McCain is formidable in small groups and will be a skilled debater. But he is a lousy speaker. Despite a career in politics, he still struggles with the teleprompter. His speeches are free of artifice and come off as unvarnished truth and this, perhaps, is the greatest artifice of all.


Biden was pilloried for calling Obama “clean” because it carried the implication that for an African-American to be hygienic was somehow remarkable. But I think I know what Biden was trying to say. Obama is clean the way DiMaggio at the plate or Willie Mays patrolling centerfield was clean. Their motions were stripped of the herky-jerky of regular life, and focused and suited to the purpose at hand. DiMaggio’s swing was elegant, a word which can mean both simple and refined. Another word might be neat or graceful or clean.

Obama walked, with no apparent effort, into the national scene and to the nomination. Where Bill Clinton could read a grocery list and have such a good time that the listener enjoyed it too. From Obama’s lips the grocery list would be somehow uplifting.

The speed of Obama’s rise and the ease of his eloquence are deceptive. Willie Mays worked hard to control centerfield, his natural talent and grace only making it appear easy. Obama too has a hard core of real stuff to him.

What We Want

Do we truly expect to learn anything about their policies from this debate? Most people who follow politics even casually have a pretty good idea what each party seeks to do and what it believes in.

We also don’t really know what makes for an effective President. In some ways, the most we can do is try to eliminate the people who are not up to the job. The multi-year obstacle course we force our Presidential aspirants to traverse is an attempt to do this. I once heard boxing described as “running a marathon, doing trigonometry, and playing chess all at the same time.” Cubing that description perhaps gives a sense of what it takes to run for President.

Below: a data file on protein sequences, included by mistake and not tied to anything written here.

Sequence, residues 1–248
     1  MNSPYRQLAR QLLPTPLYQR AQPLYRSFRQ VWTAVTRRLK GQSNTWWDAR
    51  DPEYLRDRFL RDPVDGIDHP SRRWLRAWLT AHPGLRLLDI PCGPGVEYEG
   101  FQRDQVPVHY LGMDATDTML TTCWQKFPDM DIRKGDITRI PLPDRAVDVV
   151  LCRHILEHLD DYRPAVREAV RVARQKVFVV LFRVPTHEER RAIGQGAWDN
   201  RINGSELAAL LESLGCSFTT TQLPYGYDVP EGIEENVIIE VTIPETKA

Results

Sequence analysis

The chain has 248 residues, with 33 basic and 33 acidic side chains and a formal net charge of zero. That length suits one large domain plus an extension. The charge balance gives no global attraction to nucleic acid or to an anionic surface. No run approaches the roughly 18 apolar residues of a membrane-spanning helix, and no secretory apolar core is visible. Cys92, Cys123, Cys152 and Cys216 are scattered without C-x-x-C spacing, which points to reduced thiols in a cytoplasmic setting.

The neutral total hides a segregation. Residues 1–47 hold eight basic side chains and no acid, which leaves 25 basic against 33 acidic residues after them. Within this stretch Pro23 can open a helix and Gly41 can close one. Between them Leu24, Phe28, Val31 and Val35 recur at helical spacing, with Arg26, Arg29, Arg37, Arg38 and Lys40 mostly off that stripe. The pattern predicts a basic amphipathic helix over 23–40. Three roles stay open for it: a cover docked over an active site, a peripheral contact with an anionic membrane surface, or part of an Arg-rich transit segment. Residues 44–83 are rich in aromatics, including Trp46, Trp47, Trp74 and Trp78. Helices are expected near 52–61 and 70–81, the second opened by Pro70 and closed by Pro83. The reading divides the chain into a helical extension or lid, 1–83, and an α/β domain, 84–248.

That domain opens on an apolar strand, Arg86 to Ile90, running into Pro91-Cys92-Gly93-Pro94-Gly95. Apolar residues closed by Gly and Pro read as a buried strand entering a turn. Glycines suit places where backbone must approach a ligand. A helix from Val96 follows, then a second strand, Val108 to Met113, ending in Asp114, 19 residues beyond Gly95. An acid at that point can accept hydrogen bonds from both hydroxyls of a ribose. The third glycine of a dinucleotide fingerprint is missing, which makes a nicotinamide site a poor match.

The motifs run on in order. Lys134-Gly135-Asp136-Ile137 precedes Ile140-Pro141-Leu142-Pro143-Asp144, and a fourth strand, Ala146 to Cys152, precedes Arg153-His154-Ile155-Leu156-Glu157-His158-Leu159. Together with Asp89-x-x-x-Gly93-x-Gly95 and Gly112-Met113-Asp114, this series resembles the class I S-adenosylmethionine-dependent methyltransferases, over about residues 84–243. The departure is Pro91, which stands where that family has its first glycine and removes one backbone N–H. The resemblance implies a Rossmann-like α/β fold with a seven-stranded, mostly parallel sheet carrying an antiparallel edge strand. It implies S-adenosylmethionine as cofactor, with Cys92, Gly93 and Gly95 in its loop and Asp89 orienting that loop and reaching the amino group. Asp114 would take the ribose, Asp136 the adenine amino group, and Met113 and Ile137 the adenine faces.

The debate is just another obstacle. Part of it is stamina. Can the candidate stand their, head to head with their opponent, with the world watching, and not get flustered. Because if they can’t they aren’t up to the job. And then, with all that pressure, what do we see. Do the candidates show a flare of temper or condescension, a telling stumble, or a flash of wit or graciousness?

It is, in so many ways, an awful system. But I remember Churchill’s aphorism, “Democracy is the worst form of government – except for all the others.”

Thursday, September 25, 2008

Insider Picks

At a recent debate between surrogates for the two Presidential candidates the biggest applause line was when Obama's surrogate said that McCain's selection of Palin says it all about McCain's judgment.

What strikes me as interesting, in light of the Insider/Outsider paradigm that shapes the selection and roles of Vice Presidents, is how Palin she fits into the pattern of picks by insider Presidential candidates.